How To Rent Out a Property

There are many positives to renting out your property without using an estate agent. On average, DIY landlords can save hundreds, even thousands of pounds a year by not paying letting agency fees. And because they have a direct relationship with their tenants, trust builds up over time. This means the tenant often stays longer, saving the DIY landlord even more cash by cutting down on tenant turnover costs.

If you become a DIY landlord, you avoid dealing with disorganised letting agents, who will have their own financial interests at heart. Plus, you won’t have to rely on tradespeople you don’t know when something needs doing on the property.

Dispensing with the services of an agent does mean doing one or two things yourself. But they are relatively simple, have their own benefits, and will save you a lot of money. In this guide, we’ll show you how to do it. 

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Finding Tenants

DIY landlords have two options when it comes to finding tenants: advertise their property themselves, or use a cost-effective advertising service like OpenRent. 

OpenRent will advertise your property on Rightmove, Zoopla and Primelocation. These are the web portals that most tenants use to find their dream rental property. Appearing on these sites is the single most important thing you can do to find tenants.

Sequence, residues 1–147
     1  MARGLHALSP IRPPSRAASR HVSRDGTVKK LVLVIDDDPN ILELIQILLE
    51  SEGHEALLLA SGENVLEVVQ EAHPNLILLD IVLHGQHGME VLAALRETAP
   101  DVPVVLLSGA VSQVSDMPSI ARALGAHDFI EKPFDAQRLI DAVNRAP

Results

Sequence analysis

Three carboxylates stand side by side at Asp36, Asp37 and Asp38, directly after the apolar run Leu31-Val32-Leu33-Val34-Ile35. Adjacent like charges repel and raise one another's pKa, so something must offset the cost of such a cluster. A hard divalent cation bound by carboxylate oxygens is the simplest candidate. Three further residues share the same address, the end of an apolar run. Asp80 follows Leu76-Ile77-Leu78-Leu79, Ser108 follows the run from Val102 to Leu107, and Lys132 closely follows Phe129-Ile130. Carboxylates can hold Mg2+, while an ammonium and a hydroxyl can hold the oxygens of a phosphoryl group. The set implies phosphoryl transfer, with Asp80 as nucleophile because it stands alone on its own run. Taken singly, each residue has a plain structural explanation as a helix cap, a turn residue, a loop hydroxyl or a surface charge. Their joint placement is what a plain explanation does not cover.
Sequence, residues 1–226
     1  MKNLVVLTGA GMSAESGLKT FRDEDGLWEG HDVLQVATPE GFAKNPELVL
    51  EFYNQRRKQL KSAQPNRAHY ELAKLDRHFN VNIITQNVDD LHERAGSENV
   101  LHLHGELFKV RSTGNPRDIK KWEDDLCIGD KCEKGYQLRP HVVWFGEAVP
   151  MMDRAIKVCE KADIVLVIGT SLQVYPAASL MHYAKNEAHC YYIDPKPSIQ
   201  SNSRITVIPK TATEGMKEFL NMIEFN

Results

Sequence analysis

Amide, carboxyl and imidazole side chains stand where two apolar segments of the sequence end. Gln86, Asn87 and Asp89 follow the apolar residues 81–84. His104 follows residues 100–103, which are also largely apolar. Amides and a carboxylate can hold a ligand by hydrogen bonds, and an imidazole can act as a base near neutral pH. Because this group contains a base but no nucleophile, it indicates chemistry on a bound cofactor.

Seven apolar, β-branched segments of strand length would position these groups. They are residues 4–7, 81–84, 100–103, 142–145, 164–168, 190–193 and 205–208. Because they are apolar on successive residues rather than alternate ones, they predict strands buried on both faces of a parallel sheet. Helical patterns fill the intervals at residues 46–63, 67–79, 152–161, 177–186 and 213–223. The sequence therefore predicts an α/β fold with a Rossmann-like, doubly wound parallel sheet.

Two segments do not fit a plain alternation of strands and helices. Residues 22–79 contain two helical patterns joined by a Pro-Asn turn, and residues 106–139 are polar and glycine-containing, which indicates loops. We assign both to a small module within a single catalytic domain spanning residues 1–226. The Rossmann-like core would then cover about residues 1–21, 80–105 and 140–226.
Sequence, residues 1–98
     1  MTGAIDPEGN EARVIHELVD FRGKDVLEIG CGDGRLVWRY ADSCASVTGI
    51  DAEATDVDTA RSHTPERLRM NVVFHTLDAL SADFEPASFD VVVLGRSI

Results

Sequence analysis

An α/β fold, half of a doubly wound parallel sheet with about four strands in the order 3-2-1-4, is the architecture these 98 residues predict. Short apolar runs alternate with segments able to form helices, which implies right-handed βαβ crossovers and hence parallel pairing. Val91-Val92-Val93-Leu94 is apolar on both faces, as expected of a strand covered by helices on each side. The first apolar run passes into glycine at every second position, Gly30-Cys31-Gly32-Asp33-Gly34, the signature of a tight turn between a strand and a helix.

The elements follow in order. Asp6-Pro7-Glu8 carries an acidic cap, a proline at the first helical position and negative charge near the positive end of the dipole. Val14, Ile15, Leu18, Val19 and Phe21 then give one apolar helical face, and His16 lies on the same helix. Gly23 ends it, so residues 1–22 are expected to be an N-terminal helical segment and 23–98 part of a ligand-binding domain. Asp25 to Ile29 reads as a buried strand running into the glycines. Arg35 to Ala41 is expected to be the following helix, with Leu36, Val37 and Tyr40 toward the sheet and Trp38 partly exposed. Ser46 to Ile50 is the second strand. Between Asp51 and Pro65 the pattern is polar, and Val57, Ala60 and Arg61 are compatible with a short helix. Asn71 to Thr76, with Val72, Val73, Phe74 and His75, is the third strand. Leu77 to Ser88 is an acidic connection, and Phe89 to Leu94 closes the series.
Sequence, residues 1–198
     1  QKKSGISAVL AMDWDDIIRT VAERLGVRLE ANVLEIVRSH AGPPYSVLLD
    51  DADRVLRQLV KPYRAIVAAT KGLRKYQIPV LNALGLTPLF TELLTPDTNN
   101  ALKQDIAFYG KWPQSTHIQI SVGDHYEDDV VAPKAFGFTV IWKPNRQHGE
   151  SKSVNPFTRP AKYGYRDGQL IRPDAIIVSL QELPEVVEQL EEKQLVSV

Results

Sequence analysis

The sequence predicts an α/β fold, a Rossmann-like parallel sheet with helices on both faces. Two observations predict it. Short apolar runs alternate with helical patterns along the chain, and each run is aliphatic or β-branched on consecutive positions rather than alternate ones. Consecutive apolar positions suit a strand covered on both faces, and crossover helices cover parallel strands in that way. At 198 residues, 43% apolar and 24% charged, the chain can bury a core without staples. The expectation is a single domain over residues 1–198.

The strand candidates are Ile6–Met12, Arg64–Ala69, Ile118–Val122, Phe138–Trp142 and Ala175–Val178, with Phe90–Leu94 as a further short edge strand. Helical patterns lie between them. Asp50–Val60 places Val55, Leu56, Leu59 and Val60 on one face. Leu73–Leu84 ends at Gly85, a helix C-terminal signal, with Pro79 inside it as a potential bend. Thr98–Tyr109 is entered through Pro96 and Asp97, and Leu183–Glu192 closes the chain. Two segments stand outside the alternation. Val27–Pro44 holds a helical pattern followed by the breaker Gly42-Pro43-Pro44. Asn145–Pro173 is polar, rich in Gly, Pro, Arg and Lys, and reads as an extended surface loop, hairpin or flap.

OpenRent’s cheap advertising service ensures you have a professional ad in the right places, at the right time. It’s so good that most DIY landlords find a new tenant in under a week. 


There’s no need to use an agent just so they can do the viewings. You can do it yourself, ask someone you know nearby, or use a professional viewings service.

Viewings are simple if your rental property is empty; just arrange to meet at the property at a convenient time and show the viewer around, highlighting all the positives.

If you have a tenant in the property already, you should inform them in advance each time you view it. Remember, it is still their home, so expect the property to be reasonably tidy but “lived in”. And be reasonable about when you arrange the viewings; it’s not fair on the tenant to do them at dinner time or early on a Saturday morning. 

For DIY landlords who live a long way from their rental property or who have other engagements, you can ask a friend or relative to conduct a viewing on your behalf. But if there is no one you trust nearby, you can use a property viewings service. You have to pay them, but the savings versus using a letting agent can easily be over £1,000 per tenancy. 

Tenant referencing

While a letting agent will advertise your property, conduct viewings, and reference check your potential tenants, the fees for doing so will run into hundreds of pounds. Agents often charge around £70-80 for referencing. 

You should always order reference checks, but these do not have to cost £80. OpenRent’s tenant referencing service costs just £20 and includes credit checks, linked address and ID checks, CCJs and other court information, affordability rating, income and employment check and a previous landlord reference.

Writing a Contract